Daedalus

In search of Kai Tak historic flights

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Posted (edited)

Hi all,

Patiently awaiting for their Las Vegas scenery, I bought the only FlyTampa scenery I was missing: Kai Tak. What an amazing job FlytTampa has done, considering it was released 10 years ago! To my pleasant surprise, Navigraph is supporting since November the old procedures, so I can make a nice route in PFPX ! :)) 

The only thing I am missing, to recreate the historic flights, is real world flights. I am referring to flight numbers, aircraft types and if possible timetables.

I joined the Historic Airlines Group, in the hope that I will find them there, but unfortunately I could find only one listed flight, from Tokyo.

 If anyone has a link of flights to Kai Tak, I would be very glad to know. 🙂 
 

20 years since its closure, Kai Tak can still offer an amazing approach experience in our simulators.

Edited by Daedalus

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How about Lufthansa 736 with the Boeing 747-400.

 

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1 hour ago, Daedalus said:

 If anyone has a link of flights to Kai Tak, I would be very glad to know.

There are some websites that have copies of old flight schedules for various airlines.  I have seen some of the old CPA schedules that included Kai Tak.  This link maybe  a source for you - http://www.timetableimages.com/ 

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I've had these for years and have no idea who the original author(s) are. But, all credit to them for giving us these tutorials. I thought I'd re-post them here in the hope someone else can enjoy flying the IGS "the right way" as much as I have. And, if you've never done that approach before, the advice to try it first in the C172 is a really good idea..........Doug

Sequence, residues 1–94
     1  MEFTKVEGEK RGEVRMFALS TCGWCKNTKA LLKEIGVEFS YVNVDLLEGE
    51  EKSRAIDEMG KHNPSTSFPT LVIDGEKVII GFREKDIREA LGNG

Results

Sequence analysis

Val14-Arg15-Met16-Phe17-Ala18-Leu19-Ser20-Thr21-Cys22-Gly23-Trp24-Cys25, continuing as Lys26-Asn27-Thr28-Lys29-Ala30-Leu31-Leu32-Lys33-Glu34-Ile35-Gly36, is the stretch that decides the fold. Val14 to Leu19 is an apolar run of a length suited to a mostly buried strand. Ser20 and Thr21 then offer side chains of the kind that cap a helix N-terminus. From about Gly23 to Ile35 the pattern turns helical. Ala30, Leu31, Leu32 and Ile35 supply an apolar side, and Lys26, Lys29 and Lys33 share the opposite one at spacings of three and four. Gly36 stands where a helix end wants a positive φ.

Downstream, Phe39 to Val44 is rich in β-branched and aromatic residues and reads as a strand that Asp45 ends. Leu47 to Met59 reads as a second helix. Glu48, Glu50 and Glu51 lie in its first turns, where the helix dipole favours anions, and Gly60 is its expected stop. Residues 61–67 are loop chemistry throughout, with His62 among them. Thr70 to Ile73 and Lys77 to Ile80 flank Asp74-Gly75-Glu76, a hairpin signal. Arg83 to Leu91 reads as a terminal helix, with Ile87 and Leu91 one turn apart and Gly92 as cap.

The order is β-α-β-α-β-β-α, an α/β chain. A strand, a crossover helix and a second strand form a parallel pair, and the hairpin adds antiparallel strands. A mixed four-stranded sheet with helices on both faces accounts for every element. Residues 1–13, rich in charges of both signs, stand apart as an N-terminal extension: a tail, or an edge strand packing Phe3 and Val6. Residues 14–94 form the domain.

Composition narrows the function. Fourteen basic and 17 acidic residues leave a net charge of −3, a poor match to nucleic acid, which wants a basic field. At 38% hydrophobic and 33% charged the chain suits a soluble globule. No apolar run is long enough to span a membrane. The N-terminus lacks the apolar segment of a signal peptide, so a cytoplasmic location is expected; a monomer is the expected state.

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Remove cabin staff from knee. Approaching from over the South China Sea, set your NAV1 radio to Cheung Chau VOR (CH VOR, 112.30) or Tathong Point (TH VOR, 115.50) to the east of it if you can't pick up CH VOR immediately. When approaching 100 DME (miles from) CH VOR
descend to FL 150 (15000 ft). When passing 30 DME CH reduce your speed to 250 knots and descend to 8000 ft. After passing CH VOR fly on heading 270 or R-270 at 6000 ft. Tune your ADF to 268 SL (SHA LO WAN) and proceed to GOLF, which is at D7 CH on the 270 CH VOR radial (7 miles west of Cheung Chau) and should show as such on your NAV1 DME readout. Your cross check is that the ADF arrow should now point due north (90° to your right). Descend to 4500 ft, turning right heading 045 to pass over the 268 SL NDB (nondirectional radio beacon). Now tune your NAV1 to intercept the Kai Tak IGS localiser (IGS/DME 111.90 KL - note also that the ILS/DME is 109.90 IHK but use the IGS). Establish your 088 course on the IGS localiser, follow the glide path and reduce to normal approach speed for landing on R13 (which varies according to your aircraft - see specific documentation with each model). Final approach is visual and is the infamous bit. Turn right 47° towards runway (which lies 135°) at the moment of intercepting MM (the audible Middle Marker alarm and panel light - big jets such as the B747 and A340 must turn 2-3 seconds before MM). If using autopilot APR mode (auto-descent on the glide slope) remember to switch off the autopilot before turning otherwise you'll suffer "Loss Of Terrain CLR", for which read that you'll modify Kowloon Tsai extensively by remaining on the IGS. Use the checkerboard to aid your visual approach - if you can't see it, either you're in Schenzen or you should go round again. If landing at night, you'll find the curved approach lights useful as well as pretty. Flare the ship for landing. Kill throttles, take the threshold at no less than 50 ft. if you don't want to give the barman in the Aero Club a haircut. If you feel a gentle bump and hear the wheels touch, feel pleased with yourself. If your screen goes AWOL and your computer makes a noise like an epileptic goat in a biscuit tin, you blew it. Take up fishing, since you're in the water anyway.